There is a ton of research out there that suggests having an attitude of gratitude is good for you. Some people are concerned that if you are grateful for someone or something, then that means you are indebted. However, researchers have “argued that gratitude is conceptually distinct from indebtedness, based on its having the opposite affective tone. People experience indebtedness as a negative, unpleasant state, whereas gratitude is a pleasant state.” And I agree with them.
Thank you notes and gratitude letters acknowledge another person’s actions. Thank you notes are short, and usually about discreet instances, such as a gift or a interview. Gratitude letters are longer, and usually recognize multiple ways in which you are thankful for this person in your life.
A gratitude letter is an acknowledgment that someone’s role in your life is not just as a supporting actor, but as a distinct and separate person that is taking time from their lives to do something that helps you. It is taking that person into consideration as something other than a means to your self actualization. It is letting them know they matter, they are appreciated and that they are seen. It may contribute to their sense of significance by letting them know how they affected you.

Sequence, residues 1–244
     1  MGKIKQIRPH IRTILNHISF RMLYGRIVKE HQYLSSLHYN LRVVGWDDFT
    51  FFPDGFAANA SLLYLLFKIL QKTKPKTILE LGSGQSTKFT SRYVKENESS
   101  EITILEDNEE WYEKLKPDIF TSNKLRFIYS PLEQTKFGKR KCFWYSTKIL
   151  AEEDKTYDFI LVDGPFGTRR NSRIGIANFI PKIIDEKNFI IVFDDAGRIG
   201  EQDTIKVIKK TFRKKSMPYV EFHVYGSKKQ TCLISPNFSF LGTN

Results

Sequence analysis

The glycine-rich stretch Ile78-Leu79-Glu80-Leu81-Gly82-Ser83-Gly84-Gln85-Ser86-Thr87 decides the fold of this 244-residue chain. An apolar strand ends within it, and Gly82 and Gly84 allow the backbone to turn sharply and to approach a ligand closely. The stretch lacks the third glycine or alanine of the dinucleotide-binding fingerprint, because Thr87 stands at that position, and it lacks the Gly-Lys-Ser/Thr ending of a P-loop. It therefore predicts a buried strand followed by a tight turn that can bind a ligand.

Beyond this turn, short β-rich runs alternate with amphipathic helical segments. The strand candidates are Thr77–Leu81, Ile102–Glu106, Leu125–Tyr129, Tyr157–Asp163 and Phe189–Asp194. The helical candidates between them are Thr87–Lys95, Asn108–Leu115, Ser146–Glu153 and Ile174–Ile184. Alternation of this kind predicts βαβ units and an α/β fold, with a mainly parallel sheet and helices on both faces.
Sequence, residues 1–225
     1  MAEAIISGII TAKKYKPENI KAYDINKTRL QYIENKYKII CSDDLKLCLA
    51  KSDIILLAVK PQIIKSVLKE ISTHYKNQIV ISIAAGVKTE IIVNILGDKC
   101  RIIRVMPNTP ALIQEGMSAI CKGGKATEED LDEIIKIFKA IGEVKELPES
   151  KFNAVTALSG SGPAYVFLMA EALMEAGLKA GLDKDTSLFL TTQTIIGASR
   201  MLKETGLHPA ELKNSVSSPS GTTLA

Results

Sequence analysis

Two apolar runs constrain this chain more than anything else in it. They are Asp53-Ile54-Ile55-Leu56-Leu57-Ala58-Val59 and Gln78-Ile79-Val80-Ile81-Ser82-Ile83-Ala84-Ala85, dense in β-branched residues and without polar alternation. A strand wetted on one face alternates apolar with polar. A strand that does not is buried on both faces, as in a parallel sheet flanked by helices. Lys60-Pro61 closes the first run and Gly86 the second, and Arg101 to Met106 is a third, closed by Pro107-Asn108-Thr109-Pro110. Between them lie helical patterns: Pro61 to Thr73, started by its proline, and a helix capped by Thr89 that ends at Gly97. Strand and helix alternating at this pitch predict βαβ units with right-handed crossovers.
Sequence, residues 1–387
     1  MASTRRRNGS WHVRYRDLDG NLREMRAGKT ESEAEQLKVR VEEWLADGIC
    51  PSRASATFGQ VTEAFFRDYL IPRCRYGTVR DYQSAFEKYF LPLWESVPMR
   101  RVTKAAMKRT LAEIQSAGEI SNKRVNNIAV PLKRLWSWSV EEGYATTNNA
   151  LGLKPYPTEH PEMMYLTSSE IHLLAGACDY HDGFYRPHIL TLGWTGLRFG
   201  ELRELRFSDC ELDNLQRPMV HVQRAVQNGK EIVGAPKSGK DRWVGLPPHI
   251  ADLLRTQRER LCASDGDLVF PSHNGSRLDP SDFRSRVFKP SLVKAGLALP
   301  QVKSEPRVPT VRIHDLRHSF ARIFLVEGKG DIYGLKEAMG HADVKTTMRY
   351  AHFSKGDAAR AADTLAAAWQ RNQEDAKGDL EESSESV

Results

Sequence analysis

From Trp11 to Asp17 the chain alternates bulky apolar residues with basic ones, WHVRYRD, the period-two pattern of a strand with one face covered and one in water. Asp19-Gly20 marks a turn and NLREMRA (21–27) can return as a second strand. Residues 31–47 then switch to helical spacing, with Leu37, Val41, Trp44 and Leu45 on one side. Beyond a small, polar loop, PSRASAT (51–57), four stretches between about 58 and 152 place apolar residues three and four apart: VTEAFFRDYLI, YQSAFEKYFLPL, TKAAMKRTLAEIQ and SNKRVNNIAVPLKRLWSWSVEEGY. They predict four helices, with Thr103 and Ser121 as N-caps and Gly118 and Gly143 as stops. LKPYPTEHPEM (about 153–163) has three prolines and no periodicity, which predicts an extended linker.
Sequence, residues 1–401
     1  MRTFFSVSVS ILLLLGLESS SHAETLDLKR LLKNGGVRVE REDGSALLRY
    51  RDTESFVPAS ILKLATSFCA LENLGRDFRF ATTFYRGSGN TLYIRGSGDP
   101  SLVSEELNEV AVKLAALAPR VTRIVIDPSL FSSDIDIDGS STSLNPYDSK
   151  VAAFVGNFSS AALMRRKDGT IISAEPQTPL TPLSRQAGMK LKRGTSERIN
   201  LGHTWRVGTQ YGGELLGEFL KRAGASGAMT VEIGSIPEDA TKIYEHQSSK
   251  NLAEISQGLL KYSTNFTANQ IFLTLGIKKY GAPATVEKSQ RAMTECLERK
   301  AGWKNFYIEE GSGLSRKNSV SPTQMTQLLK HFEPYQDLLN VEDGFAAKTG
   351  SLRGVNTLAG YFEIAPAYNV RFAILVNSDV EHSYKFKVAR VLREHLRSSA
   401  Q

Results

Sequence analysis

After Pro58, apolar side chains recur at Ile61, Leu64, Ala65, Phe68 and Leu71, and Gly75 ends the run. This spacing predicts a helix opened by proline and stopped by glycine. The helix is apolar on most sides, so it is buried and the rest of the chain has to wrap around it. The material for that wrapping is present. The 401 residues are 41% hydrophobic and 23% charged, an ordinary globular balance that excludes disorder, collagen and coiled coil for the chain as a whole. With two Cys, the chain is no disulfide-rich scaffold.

To get in the frame of mind to write your gratitude letter, start with the Peter Levine’s ‘felt sense of comfort’ exercise. Then think of a person that positively impacted your life. What might they have had to give up to help you? What ways have their actions may have served as examples for how you want to live? Did they have to do what they did for you? As you are thinking about what you are grateful for about this person, notice the feelings that might be coming up for you.
Now you are ready to write your letter. If you’re having a hard time thinking of the wording, here are some sentence suggestions:
- I appreciate you because . . .
- When you did X for me, I felt (in case you need a feeling thesaurus: feelings you might have when your needs are met, another link to feeling words)
- When you did X for me, it meant that I could now do _____, and because of that my life is (positive adjectives)
- When I saw/heard that you did X, it told me that you were a (positive adjective) person. I felt ___, knowing that you were in the world.